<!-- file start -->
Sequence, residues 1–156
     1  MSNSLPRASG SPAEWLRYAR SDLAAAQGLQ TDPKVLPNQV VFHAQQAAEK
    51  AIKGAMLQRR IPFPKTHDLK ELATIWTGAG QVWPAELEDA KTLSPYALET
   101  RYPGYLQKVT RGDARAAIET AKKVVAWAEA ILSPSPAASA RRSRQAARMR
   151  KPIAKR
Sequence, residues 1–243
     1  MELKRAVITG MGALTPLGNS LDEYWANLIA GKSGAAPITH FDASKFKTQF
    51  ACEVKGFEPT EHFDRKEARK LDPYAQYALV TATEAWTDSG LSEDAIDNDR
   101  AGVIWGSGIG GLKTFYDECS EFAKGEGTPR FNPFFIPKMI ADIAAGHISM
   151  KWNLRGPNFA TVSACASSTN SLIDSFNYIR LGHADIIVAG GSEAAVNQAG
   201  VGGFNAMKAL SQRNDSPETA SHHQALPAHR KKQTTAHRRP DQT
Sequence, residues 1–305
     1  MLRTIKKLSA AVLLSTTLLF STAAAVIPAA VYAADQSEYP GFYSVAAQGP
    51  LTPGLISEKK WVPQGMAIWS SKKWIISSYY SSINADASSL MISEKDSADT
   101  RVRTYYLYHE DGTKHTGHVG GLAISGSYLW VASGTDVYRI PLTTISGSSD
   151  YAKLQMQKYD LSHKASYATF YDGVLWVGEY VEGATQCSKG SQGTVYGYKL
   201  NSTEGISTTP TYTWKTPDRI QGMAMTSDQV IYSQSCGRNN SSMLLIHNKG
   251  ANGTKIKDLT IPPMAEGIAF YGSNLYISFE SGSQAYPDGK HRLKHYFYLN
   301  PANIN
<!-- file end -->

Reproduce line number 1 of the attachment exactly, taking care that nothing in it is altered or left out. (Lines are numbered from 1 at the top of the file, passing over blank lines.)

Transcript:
Sequence, residues 1–156